The new generation of trans activists utterly rejects this model. To them, being trans is fully a matter of self-definition. Surgery is far from required; according to theHuman Rights Campaign, only 33 percent of trans people have it.

To a degree, Hart thinks the broadened definition is a good thing. “I don’t support Harry Benjamin saying you must be a heterosexual feminine-presenting woman in order to be truly trans,” she says. But as she and other gender-critical trans women see it, the reaction has gone too far, turning the words man and woman into floating signifiers that designate nothing but states of mind, and erecting a new set of taboos to enforce their ideology. As Hart puts it: “You can’t identify your way out of your body. Genderism is a myth that suggests that’s possible.”

If man and woman are just floating signifiers that designate nothing but states of mind then why wouldn’t all women simply identify as men, thus ending the hierarchy that subordinates women once and for all?

[G]ender-critical trans women clearly feel like they’re struggling against an ideological tide. A 28-year-old trans woman in Ohio with a gender-critical Tumblr—she asked me not to name it, lest it draw unwelcome attention to her—says she sees parallels between contemporary trans activism and her Christian fundamentalist upbringing. “It’s just this sense that there are certain things that are unquestionable, and you can’t even talk about them,” she says. “I guess a lot of belief systems have things that operate in that way, but there are just so many for trans activism and for fundamentalist Christians.”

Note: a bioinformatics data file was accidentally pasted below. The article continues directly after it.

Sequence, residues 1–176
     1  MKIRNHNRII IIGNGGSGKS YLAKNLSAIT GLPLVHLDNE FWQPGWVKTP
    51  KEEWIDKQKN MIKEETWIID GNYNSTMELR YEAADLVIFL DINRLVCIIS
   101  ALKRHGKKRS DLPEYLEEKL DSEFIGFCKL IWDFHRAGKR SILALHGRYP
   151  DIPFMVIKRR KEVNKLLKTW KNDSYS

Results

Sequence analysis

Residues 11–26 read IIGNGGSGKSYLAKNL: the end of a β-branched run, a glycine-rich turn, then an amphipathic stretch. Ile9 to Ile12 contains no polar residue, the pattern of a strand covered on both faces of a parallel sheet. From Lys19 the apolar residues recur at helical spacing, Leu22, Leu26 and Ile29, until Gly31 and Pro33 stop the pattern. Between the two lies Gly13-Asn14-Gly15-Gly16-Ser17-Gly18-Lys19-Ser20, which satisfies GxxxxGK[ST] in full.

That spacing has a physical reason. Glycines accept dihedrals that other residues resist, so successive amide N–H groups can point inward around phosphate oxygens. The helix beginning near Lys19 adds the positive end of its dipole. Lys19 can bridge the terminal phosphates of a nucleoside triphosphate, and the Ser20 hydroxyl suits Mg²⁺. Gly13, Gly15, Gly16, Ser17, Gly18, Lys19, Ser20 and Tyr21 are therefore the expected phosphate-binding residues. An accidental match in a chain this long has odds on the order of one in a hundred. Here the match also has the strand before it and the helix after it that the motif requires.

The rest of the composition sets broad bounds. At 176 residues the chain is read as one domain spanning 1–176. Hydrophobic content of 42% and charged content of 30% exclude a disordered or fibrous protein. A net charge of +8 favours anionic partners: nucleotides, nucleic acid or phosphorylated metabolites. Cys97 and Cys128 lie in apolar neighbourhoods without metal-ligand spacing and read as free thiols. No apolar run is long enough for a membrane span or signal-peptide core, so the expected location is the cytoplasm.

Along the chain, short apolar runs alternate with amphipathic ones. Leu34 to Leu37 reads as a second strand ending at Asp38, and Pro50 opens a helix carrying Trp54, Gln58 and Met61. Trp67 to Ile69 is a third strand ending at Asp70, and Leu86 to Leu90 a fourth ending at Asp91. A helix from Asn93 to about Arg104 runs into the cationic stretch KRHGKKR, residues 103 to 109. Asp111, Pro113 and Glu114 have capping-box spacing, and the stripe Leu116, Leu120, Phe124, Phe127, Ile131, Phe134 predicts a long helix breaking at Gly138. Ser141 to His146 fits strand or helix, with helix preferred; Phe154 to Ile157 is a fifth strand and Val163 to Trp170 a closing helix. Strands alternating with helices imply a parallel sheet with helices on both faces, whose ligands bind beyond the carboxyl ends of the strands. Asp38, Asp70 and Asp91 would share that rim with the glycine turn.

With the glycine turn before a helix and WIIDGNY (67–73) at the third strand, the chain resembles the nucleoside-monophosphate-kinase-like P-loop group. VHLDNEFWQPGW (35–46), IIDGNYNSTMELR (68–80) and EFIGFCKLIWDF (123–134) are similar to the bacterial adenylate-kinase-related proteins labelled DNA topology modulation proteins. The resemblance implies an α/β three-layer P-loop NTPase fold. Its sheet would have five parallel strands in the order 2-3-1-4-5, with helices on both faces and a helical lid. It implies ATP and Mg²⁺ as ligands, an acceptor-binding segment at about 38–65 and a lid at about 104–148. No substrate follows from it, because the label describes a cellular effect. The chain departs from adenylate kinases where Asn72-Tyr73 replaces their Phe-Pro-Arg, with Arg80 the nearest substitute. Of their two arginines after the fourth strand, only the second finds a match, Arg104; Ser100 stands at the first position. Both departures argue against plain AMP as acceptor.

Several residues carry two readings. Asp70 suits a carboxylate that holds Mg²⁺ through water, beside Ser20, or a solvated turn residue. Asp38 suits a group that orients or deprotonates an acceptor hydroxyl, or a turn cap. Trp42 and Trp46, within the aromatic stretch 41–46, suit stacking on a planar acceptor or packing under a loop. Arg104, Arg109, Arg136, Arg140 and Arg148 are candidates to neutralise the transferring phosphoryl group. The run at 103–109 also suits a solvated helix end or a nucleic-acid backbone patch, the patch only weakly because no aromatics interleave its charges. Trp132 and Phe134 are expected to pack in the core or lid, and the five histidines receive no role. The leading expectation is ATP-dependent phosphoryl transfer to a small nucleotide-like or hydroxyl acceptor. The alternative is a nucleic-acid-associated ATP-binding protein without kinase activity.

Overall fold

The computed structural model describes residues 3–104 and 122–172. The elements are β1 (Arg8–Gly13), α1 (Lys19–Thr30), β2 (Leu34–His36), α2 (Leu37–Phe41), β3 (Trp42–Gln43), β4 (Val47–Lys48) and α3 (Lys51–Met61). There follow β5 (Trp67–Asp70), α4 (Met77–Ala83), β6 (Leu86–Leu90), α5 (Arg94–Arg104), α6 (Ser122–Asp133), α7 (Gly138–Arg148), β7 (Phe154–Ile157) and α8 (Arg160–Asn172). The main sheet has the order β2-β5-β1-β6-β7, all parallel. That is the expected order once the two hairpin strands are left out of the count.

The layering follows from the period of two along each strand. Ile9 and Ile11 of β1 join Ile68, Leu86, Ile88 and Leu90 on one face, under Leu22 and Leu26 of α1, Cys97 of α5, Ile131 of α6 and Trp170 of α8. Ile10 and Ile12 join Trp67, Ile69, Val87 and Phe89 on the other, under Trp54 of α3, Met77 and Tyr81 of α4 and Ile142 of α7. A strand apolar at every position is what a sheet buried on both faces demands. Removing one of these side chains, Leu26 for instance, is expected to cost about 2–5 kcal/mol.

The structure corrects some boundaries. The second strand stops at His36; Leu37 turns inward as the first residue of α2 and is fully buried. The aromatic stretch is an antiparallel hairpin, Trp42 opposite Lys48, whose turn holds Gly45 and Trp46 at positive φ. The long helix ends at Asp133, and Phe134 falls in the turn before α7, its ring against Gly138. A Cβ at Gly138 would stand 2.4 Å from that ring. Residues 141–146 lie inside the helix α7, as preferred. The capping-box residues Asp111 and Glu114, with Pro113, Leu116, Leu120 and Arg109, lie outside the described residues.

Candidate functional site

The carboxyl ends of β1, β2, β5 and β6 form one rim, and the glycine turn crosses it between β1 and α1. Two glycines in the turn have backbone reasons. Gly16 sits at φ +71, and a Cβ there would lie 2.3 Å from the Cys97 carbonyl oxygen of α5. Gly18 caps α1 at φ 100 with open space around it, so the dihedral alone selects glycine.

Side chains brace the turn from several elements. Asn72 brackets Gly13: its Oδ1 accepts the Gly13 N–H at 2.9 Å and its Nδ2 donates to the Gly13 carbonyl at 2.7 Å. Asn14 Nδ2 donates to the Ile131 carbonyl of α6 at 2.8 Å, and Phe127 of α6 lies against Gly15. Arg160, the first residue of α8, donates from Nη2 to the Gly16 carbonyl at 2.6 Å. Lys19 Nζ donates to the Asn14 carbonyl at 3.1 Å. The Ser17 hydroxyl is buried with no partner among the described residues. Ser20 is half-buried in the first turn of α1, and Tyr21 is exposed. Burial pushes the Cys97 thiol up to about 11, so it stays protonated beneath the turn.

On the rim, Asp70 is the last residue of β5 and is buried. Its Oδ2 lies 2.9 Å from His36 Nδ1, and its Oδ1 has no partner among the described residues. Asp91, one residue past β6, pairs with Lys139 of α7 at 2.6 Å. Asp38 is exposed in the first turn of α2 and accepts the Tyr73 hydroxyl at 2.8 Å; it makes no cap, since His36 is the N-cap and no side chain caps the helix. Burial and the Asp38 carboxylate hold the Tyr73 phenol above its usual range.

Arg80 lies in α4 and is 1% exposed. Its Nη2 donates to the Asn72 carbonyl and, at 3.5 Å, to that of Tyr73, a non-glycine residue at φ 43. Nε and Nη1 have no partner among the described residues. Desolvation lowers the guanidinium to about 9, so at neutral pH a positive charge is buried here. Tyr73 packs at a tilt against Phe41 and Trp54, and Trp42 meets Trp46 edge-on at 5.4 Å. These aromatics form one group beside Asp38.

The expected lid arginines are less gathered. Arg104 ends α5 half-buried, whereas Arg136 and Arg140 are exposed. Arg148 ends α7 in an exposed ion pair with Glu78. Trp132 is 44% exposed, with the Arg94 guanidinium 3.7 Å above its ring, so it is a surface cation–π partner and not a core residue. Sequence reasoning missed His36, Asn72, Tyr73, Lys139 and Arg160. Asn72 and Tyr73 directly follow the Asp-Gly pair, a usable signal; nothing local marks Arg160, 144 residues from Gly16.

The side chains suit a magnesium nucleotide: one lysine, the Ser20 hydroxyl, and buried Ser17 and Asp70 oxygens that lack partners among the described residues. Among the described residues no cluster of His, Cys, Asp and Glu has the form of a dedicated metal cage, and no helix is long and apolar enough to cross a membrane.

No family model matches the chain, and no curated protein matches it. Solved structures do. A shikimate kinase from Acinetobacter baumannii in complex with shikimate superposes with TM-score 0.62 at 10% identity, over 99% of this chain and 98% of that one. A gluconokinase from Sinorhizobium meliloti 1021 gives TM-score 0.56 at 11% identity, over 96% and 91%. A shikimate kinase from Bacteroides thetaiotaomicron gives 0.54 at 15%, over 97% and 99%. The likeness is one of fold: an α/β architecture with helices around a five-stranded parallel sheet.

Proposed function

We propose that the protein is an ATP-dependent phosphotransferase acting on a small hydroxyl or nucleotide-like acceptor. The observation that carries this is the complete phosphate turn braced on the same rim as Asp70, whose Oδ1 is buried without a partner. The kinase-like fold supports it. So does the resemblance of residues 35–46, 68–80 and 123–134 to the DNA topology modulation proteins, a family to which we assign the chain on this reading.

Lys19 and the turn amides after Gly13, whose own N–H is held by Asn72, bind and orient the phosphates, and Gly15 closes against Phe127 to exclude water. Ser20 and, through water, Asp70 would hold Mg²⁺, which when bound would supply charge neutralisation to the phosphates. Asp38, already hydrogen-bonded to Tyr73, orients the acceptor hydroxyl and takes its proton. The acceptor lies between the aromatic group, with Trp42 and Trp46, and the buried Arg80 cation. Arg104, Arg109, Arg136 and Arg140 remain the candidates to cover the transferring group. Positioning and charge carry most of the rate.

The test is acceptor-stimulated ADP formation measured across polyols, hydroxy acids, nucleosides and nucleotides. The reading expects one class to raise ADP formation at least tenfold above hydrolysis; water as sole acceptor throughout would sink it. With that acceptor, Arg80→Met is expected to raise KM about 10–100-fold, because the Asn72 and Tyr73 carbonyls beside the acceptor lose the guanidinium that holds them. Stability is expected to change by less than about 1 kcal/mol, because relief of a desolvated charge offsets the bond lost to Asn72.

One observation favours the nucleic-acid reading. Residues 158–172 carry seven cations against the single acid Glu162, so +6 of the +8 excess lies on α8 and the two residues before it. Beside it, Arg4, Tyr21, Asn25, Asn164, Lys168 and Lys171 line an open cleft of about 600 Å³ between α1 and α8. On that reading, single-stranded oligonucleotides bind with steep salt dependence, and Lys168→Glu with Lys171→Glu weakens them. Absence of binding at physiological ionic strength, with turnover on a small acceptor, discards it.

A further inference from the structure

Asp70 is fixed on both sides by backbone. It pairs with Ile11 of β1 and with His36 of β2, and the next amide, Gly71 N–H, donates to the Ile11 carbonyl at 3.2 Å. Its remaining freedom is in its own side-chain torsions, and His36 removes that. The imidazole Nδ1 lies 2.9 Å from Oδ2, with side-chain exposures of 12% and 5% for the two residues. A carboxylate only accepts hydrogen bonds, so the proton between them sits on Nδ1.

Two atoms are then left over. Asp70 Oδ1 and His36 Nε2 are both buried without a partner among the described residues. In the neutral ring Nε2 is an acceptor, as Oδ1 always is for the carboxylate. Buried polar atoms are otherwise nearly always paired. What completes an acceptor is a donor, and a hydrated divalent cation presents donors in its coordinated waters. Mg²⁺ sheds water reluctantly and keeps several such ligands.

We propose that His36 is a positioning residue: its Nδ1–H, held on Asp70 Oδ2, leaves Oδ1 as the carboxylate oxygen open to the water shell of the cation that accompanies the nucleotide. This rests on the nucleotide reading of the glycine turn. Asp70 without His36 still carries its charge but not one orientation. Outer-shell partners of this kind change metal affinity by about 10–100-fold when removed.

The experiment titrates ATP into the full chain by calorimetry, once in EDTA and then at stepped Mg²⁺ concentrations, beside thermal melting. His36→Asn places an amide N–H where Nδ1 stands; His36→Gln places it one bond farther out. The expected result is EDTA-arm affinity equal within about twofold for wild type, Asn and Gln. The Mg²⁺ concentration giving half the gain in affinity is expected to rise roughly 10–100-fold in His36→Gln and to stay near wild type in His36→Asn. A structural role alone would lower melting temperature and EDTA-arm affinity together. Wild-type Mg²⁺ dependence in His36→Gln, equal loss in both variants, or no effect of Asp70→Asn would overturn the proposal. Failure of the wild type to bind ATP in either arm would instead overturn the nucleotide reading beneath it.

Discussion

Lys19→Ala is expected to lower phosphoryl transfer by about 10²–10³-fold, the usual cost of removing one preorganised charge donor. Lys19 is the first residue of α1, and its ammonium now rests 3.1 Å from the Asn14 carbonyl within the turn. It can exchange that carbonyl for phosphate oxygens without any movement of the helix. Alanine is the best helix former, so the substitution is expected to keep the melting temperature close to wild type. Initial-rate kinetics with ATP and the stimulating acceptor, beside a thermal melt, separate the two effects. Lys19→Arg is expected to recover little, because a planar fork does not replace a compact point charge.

There definitely are things that are unquestionable and that you’re not permitted to talk about them. If you do talk about them, sirens go off and everyone for miles around rushes to publish a statement disavowing what you said and hoping you burn in hell.

Like Highwater, Cohn thinks that premise sets trans people up for failure. “I think it’s very damaging,” she says. “The women we see in our lives—that’s the standard we’re trying to match. And that’s not possible. There’s always going to be dissonance, because we’re not women.”

The mainstream trans rights movement’s answer to this feeling of dissonance is to expand the boundaries of what woman means. “You can be whatever kind of woman you want to be,” Boylan says. “But what I don’t want is to take anything away from someone else, and I don’t want anyone else to take anything away from me. If your thing is saying that a transgender woman who has been through transition is not a real woman but some other kind of woman with an asterisk, then you are taking my womanhood away from me.”

I still wonder, though, why that reasoning doesn’t apply to other kinds of identity. People don’t get to identify their way to being Japanese or Colombian, black or white, tall or short, deaf or hearing, a runner or a swimmer. Some you can’t become, some you have to put in a lot of work to become; in no case is just identifying enough. Why is gender alone being treated as so easily reversed?